The last couple of weekends, my family’s had a totally empty schedule – no sports games, birthday parties, play dates, etc. In fact, we didn’t even make a plan to go anywhere like a zoo or park.
So, every morning, we woke up without anything in particular to do. When my wife was in charge, she came up with an idea of where to take our boys (7, 4, and 2) and she loaded them into the minivan. However, when I was in charge, our boys and I wandered around our yard and neighborhood.
Sounds boring, eh?
Actually, we weren’t bored at all. In fact, two of those days were really fantastic, one even qualifying as one of those cherished days I’ll remember the rest of my life.
We walked down the street to a dry creek bed by our house. There, we hiked around playing with rocks and sticks. Most of the time, I let them go on their own, and I went on my own foraging projects. When we got hungry, I put the two young boys in a stroller and we walked to downtown Palo Alto, a mile away. The boys stopped frequently along the way to pick up various little things, alternately playing catch and chase with them. We went to The Creamery for lunch and they feasted on sugary and starchy stuff their mom doesn’t approve of. Our favorite waitress, Amy, waited on us, and Nico (4) sang “Amy, What You Gonna Do?” to her. We chatted with a very nice woman next to us who, Marco (7) and I agreed, looks exactly like our cousin Anna Maria from Italy. Then, we walked home, taking a brief detour at a park. They boys played more games of catch and chase all the way home.
It was a collection of really nice moments, strung together by chaos. We were all firing on all cylinders, totally living in the moment, totally enjoying each other.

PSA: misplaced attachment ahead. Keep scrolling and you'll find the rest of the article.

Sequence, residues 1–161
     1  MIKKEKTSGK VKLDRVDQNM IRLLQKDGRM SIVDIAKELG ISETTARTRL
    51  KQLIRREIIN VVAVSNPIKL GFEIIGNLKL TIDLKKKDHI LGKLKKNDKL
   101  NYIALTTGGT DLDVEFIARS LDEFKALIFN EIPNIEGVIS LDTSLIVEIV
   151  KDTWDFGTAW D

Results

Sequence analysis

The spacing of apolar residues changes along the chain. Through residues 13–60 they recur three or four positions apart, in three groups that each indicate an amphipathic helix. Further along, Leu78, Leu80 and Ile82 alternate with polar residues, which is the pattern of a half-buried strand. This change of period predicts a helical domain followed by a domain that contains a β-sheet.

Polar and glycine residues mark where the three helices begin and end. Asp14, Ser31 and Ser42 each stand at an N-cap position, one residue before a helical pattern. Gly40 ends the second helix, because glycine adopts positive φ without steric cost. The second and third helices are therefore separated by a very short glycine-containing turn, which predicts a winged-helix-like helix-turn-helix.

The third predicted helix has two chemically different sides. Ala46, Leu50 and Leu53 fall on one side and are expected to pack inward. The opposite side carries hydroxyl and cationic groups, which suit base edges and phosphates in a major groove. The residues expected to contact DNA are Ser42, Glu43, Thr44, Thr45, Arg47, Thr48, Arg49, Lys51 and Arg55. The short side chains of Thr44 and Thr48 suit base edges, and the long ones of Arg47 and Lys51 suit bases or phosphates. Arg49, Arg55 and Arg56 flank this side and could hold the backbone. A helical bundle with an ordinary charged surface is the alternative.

Have you ever had that feeling on a Saturday, driving from a youth soccer game to a jumpy house birthday party to karate class?
I didn’t think so.
You see, I’ve come to realize that kids don’t care one bit about plans. When we make plans, it’s to satisfy us, not them.
They want to do whatever their brain tells them to do at every moment. They can’t do that when they’re strapped into a car seat staring at our heads or when they’re standing around watching their sister play a nice, controlled game of soccer.
In short, when we’re wandering around with them, without a plan, they’re in control, not us parents. Kids who aren’t used to being in control may not know what to do with that control at first. However, kids who are experts at “wandering around aimlessly” thrive.
Actually, they’re far from aimless – they’re merely free of our aims, free to decide what they want to do at every moment. Have you ever tried to drive somewhere you’ve been to, but always as the passenger, not the driver? I hardly ever know how to get to a place until I figure out how to get there myself. Similarly, kids don’t learn much when we determine what they do, where, and when.
Kids who “wander around aimlessly” learn how to explore, how to talk to people, how to use their bodies. They gain confidence and mastery. And, they have a wonderful time doing it all.
As they get older, they’ll develop a desire to plan ahead on their own, but while they’re young, let them be in control. That means less planning and more fun. Doesn’t that sound like a win-win for you and the kids?